1. Use the GIC’s stormwater uptake calculator to determine the benefits of maintaining or increasing tree canopy goals by watershed. The calculator provided to Wilmington allows the city to determine the stormwater benefits or detriments (changes in runoff) from adding or losing trees and calculates the pollution loading reductions for nitrogen and phosphorus, and sediment.
  2. Develop an Urban Forestry Management Plan (UFMP) which includes statistics on the community values of trees, measurable and achievable urban forestry goals, action steps required to achieve those goals, and a detailed list of maintenance items and frequencies. Wilmington does not currently have an UFMP, but many of its codes and ordinances include typical UFMP components. These components can be divided into several sections including documentation of the community values of trees, outlining urban forestry goals and developing a maintenance item schedule.
  3. Work with developers to shrink the development footprint to minimize impervious surfaces. Holding a predevelopment conference, with all key staff in attendance, allows all parties to explore ideas for tree conservation before extensive funds are spent on land planning.
  4. Conduct a land cover assessment every four years to determine and allow for comparison of tree canopy coverage change over time. Keeping tree canopy coverages at levels that promote public health, walkability, and groundwater recharge for watershed health is vital for livability and meeting state water quality standards. Regular updates to land cover maps allow for this analysis and planning to take place and to spot and address negative trends and take preventative actions.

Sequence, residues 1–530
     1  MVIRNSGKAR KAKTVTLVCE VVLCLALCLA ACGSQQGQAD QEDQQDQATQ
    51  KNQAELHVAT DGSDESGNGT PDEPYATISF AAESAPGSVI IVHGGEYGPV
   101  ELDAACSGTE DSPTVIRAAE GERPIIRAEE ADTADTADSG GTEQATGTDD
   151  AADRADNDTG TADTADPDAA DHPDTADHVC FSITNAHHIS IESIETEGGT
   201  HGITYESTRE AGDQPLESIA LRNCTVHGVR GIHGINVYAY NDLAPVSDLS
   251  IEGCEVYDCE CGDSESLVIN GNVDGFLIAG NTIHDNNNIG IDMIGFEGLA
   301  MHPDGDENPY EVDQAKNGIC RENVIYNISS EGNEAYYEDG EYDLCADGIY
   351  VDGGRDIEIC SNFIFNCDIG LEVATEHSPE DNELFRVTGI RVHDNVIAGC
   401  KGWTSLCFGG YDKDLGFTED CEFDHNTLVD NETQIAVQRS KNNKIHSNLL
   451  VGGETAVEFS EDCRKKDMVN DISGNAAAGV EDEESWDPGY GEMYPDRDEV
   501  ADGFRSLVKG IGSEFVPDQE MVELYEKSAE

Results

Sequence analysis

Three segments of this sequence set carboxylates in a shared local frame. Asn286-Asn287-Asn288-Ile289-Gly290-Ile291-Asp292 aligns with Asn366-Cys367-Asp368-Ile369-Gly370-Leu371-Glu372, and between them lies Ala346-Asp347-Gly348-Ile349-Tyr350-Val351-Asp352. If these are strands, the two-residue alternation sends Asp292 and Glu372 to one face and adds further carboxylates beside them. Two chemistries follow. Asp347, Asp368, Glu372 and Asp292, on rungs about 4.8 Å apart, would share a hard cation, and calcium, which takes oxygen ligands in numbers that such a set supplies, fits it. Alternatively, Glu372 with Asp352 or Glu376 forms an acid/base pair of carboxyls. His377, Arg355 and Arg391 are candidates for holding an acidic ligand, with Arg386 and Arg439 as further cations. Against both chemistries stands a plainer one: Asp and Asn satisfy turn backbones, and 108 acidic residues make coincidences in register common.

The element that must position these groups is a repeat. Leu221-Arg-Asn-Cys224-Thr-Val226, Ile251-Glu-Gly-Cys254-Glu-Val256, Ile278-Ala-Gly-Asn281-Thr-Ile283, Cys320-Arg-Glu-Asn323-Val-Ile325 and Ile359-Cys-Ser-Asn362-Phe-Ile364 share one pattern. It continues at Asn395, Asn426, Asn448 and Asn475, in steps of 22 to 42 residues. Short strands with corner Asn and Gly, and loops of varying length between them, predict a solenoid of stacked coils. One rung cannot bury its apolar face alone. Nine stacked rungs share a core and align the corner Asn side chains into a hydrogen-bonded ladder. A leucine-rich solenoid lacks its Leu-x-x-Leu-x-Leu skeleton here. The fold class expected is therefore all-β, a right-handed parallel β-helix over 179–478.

5. Remove the exception for tree inventory requirements on lots with single-family homes that are two acres or smaller. Requiring tree inventories affords more opportunities for city-led tree save decisions.
  6. Increase the number of tree protection mechanism inspections and enforcement staff. Enforcement of tree-related codes and ordinances is more effective when there is adequate staff time available to enforce them. Hiring an additional urban forester to work with city staff on planning and zoning matters will help ensure that opportunities to save or add trees are realized.
  7. Perform tree risk assessments. Increase assessment intervals in densely populated portions of the city. Tree risk assessments minimize tree-related risks by actively managing the urban forest and can lessen the costs of removing trees after storms.
  8. Require tree canopy coverage percentages by land use. To assure quality of life for all in a community, add a requirement in Wilmington codes and ordinances for minimum tree canopy coverage by land use.
  9. Determine urban forestry data needs and which software will best collect the needed data. Implement the data collection process as part of the urban forestry program. Site-scale landscape changes are easily seen with the imagery but information about the urban forest that could be used in planning is lacking. Urban forestry data collection
    should provide detailed, quantifiable information.